• Scholars who were initially matched with faculty but whose research interests did not translate as well to a remote format engaged virtually in discipline-specific lectures, writing conferences, debates and presentations that mimicked the rigors they would encounter throughout graduate study; they also participated in Professional Development and Research Ethics.
  • Scholars who were seen to have promise but were unable to be matched with a faculty member prior to the pandemic shutdown were given the opportunity, because of the virtual format, to access recordings of the professional development sessions, ethics sessions and weekly “fireside chats” with James.

“We love to interact with the students in person, so we did miss that,” notes Naima Barton, program coordinator for diversity recruitment and community engagement. “But because these students are focused and want to enhance their research skills, our time with them via Zoom was very productive.”

Melissa Berrio, a student from the University of Florida, agrees that the program was valuable despite the distance challenges. Working with Cynthia Derdeyn, a professor in the Emory School of Medicine, and her lab group at the Emory Vaccine Center introduced Berrio to the types of experiments she would conduct as an immunology PhD student. The program also introduced Berrio to the idea of pursuing an MPH/PhD dual degree in epidemiology and immunology.

“After discussing my new interest in a dual degree, Dr. Derdeyn and my host lab introduced me to MPH students so I could gain more insight on what that degree entails and whether it would be the right fit for me,” Berrio says. “I felt the support and enthusiasm toward science and empowerment from everyone involved despite the distance.”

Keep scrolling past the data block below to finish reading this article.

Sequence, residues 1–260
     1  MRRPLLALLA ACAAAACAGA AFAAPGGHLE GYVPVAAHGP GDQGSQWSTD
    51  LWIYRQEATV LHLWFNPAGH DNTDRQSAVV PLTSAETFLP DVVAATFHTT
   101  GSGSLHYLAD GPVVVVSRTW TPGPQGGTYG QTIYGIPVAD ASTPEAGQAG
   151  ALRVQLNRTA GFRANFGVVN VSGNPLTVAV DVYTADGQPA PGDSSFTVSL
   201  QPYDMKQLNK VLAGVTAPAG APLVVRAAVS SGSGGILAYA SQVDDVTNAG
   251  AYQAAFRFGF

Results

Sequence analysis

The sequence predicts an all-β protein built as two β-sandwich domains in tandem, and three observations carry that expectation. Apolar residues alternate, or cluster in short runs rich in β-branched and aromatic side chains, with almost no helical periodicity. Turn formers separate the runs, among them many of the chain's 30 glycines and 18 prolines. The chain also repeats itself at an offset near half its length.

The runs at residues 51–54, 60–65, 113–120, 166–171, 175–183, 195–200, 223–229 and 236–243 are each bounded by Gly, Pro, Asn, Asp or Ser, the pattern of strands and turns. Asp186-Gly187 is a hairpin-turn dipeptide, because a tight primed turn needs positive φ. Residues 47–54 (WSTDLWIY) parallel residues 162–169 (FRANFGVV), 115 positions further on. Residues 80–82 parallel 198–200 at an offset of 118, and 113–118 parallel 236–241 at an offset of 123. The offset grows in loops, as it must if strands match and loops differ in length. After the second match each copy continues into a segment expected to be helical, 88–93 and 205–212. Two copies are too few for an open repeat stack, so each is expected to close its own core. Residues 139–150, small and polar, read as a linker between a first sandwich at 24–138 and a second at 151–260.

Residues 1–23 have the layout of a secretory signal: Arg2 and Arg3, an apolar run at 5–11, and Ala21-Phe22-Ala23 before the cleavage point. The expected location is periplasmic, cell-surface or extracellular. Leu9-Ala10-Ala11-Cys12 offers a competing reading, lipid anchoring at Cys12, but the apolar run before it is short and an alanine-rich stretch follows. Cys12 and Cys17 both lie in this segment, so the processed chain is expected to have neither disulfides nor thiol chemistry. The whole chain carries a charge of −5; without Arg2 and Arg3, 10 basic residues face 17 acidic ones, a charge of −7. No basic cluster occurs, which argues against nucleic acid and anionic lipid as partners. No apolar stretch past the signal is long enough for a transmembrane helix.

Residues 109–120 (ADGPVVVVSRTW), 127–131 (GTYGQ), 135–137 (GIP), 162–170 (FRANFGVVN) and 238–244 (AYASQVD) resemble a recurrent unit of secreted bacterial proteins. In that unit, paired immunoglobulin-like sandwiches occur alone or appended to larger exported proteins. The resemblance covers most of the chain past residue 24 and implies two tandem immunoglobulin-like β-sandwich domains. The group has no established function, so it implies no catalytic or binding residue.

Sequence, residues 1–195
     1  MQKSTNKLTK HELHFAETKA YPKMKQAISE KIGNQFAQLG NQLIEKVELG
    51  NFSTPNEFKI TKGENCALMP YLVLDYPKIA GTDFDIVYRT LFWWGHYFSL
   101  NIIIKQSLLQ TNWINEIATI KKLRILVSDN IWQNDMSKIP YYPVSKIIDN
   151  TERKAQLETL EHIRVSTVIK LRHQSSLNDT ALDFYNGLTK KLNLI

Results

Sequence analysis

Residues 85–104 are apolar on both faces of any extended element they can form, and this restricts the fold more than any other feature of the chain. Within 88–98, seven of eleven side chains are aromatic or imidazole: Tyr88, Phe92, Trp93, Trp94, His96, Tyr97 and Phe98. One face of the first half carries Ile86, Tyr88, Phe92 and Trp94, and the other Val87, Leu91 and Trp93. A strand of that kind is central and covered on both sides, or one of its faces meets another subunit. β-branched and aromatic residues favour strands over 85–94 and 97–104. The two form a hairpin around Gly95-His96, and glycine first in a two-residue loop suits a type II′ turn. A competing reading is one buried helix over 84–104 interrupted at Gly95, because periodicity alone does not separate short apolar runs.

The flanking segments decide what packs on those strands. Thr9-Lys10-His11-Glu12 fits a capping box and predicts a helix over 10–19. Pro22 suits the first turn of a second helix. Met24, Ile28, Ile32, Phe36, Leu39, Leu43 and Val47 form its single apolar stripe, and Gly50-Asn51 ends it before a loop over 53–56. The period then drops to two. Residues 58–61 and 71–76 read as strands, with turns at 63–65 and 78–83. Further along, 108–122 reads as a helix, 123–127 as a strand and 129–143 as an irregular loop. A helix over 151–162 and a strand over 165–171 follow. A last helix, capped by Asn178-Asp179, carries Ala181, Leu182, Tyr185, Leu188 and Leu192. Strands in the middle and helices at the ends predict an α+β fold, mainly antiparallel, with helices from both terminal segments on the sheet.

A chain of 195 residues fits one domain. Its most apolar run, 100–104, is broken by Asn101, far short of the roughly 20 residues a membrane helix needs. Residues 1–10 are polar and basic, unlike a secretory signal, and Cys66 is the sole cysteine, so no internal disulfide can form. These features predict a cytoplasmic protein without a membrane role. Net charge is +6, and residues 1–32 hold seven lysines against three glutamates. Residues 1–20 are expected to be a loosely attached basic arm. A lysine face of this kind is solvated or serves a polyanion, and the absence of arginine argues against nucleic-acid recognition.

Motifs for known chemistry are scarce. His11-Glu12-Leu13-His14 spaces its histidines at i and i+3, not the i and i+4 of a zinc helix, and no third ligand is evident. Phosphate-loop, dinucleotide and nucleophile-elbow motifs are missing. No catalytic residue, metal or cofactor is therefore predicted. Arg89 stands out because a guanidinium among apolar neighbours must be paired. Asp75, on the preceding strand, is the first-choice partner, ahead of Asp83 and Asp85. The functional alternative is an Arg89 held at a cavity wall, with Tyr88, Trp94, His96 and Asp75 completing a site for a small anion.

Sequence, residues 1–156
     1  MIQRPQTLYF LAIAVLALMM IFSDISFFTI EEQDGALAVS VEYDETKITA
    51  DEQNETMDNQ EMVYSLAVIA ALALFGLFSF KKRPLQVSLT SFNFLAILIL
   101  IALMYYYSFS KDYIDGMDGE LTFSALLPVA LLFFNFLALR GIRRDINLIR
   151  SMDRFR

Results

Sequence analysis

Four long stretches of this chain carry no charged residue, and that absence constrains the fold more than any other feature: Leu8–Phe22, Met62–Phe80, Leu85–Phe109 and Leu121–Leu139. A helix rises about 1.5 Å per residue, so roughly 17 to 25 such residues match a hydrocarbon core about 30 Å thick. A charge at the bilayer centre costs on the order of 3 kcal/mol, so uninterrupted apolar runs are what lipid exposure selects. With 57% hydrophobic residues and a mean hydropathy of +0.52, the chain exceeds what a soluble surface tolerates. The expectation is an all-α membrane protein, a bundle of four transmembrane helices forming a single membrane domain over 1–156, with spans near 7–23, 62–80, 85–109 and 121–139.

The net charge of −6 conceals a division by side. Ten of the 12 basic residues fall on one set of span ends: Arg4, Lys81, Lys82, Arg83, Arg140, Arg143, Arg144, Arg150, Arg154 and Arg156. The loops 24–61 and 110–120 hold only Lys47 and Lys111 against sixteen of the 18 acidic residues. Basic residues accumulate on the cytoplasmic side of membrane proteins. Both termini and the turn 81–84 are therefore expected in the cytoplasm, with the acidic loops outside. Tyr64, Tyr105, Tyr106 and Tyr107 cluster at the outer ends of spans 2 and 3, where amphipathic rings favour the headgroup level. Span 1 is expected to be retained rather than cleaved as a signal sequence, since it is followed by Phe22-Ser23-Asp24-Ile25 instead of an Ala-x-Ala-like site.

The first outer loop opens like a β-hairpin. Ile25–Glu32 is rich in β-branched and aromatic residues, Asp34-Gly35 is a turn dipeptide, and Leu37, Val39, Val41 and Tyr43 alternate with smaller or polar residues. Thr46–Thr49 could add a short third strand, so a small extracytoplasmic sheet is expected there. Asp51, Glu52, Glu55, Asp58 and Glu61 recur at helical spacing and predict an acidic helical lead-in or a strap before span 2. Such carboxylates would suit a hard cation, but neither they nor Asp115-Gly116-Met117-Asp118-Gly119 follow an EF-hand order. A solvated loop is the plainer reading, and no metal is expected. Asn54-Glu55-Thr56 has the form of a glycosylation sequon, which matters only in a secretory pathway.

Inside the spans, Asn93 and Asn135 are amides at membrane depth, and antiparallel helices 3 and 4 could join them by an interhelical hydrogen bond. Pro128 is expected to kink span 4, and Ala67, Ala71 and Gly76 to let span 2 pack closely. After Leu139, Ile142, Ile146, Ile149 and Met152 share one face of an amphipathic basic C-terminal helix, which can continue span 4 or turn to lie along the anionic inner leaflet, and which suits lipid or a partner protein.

That sense of empowerment is part of why Derdeyn participated as an LGS-SOAR mentor. “I want to encourage young scientists and let them know that all kinds of people — regardless of gender, race, ethnicity — can be successful in research settings,” Derdeyn explains. “LGS-SOAR expands their view of academic research and gives them new experiences.”

Going beyond research

While LGS-SOAR organized the professional development sessions, the Emory SURE (Summer Undergraduate Research Experience) program through Emory College of Arts and Sciences coordinated current and former LGS graduate fellows to lead sessions focusing on research ethics. In these sessions, they discussed mentorship, data management and research conduct with the students each week of the program. Emory SURE is directed by Cora MacBeth, assistant dean of sciences, and Tim Raines, associate director of undergraduate research programs.

They drew examples for case studies from various disciplines and institutions, both academic and nonacademic.

“The research session on ethics and mentoring demonstrated how highly Emory holds honor and respect, not just academic rigor,” Berrio says. “That impressed me.”

Chira Levy, a Pomona College neuroscience major, also was impressed with all aspects of LGS-SOAR. “When I first learned of LGS-SOAR's transition to remote learning, engaging in weekly lectures on professional mentorship was the last thing that I was expecting,” he says. “But Dr. James and all of the LGS-SOAR team somehow made that happen.”

“Given the state of the world, it would have been easier to cancel a program like this completely, but they didn't,” he adds. “And for that, I am deeply grateful and impressed. This program has helped make graduate school less of an elusive goal of mine and more of a tangible one.”